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Afghanistan is No One's War: "All Foreigners Are Our Enemy"
A summary of events leading to the invasion of Afghanistan is helpful.
Following 9/11, the Taleban government said it would extradite Osama bin Laden if the U.S. could produce evidence against him. This is the approach taken by the courts of every Western country when extradition is requested.
The U.S. either could not or would not produce any evidence, yet it insisted the Taleban was behaving in bad faith and harboring criminals.
To this day, the public has not been given one genuine piece of evidence that ties bin Laden to 9/11. I'm not saying he's innocent, only that there was no proof at the time Bush used him as an excuse to invade Afghanistan.
Bin Laden certainly did not like the United States, but was he in any way responsible for a great crime? How would his apparent happiness with events distinguish him from the group of Israeli spies in the New York area who were photographed, reported to police, and arrested (later being quietly deported) after dancing and shouting atop a truck as the World Trade Center billowed into flames? To this day, the FBI wanted-notice for bin Laden does not mention 9/11.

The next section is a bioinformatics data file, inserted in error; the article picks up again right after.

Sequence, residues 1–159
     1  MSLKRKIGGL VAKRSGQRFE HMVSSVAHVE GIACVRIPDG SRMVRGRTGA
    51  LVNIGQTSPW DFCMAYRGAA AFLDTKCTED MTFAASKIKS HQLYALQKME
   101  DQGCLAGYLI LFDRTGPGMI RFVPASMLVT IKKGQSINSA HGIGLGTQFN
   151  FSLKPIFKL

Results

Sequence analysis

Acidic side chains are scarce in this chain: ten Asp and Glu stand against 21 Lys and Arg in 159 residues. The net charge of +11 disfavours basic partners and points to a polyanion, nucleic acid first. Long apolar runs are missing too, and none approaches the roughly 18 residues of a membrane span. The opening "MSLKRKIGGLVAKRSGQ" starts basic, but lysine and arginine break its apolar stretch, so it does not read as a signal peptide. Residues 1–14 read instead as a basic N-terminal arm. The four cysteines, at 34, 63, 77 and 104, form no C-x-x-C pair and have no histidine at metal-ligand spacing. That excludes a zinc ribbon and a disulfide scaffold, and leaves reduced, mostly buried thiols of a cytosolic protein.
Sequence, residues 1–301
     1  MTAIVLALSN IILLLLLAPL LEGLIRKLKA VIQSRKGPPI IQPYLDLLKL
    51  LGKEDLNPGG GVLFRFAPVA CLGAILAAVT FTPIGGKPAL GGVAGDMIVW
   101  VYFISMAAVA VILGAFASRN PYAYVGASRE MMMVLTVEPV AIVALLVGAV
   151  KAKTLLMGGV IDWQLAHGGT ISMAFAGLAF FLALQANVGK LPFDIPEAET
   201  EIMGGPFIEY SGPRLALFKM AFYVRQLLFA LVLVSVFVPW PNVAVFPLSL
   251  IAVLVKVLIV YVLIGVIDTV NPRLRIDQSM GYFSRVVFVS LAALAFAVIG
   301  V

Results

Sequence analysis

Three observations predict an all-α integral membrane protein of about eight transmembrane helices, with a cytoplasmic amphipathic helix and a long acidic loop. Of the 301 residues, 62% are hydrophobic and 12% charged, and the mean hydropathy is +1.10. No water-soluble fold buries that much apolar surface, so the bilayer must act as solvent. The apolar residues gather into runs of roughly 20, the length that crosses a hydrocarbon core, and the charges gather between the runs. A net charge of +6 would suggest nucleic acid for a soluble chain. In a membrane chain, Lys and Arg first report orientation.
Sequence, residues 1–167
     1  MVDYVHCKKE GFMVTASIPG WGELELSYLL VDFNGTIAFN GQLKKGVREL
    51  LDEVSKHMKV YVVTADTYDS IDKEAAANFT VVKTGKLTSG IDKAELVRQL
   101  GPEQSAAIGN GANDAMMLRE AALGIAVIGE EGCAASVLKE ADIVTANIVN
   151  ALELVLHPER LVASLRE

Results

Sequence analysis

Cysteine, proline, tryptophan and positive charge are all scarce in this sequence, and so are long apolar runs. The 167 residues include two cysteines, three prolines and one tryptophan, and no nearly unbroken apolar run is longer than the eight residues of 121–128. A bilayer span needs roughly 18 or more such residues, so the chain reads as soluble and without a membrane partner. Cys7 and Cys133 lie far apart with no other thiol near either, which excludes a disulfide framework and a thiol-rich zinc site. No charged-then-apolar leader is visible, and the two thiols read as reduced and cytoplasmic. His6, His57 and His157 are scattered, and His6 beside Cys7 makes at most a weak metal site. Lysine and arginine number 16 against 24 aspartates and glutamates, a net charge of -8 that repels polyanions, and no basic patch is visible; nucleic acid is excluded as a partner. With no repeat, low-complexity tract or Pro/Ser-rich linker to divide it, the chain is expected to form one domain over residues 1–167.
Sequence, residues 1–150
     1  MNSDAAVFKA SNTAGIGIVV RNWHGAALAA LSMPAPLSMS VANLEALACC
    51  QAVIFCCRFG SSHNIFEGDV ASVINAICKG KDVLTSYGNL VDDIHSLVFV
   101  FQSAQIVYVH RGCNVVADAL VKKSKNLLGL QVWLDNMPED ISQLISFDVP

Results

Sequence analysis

I am sure that with a real campaign of pressure - diplomatic, legal, and economic - America could have secured bin Laden's extradition. Bush's government didn't really try. Invasion was an attractive option for many reasons. These include satisfying the bellowing, belly-over-the-belt types that are Bush's natural constituency, doing something for Bush's missing leadership credentials, gaining new influence over a nuclear and uncooperative Pakistan, building a long-planned trans-Afghanistan pipeline, and, importantly, preparing the way for an invasion of Iraq, something discussed and advocated for years before in Bush's Neo-con crowd.
Afghanistan is an ancient, backward civilization with an average life expectancy of 45 years. Those who really know a lot about the country tended to say from the beginning that it was unrealistic for the U.S. to expect to make meaningful change there. This interpretation agrees with generally accepted principles of economic development, in particular the principle that social and political changes only come gradually with steady economic growth. One is tempted to say that the U.S. could have brought more genuine, positive change in Afghanistan and Iraq by dropping planeloads of dollar bills rather than bombs.
Although American military destruction in Afghanistan appears to have been less than in Iraq, this largely reflects the fact that there was little infrastructure in Afghanistan to start with, especially when compared with what existed in Iraq, once the Arab world's most advanced country. Still, relative terms are what count here, and destruction in Afghanistan was considerable. Now that the financial costs of the two wars and the instability and risk of the occupations have proved much greater than anticipated, Bush is not able to execute even rushed, poorly-made plans for reconstruction. This is not a formula for long-term success even if you are a Neo-con visionary.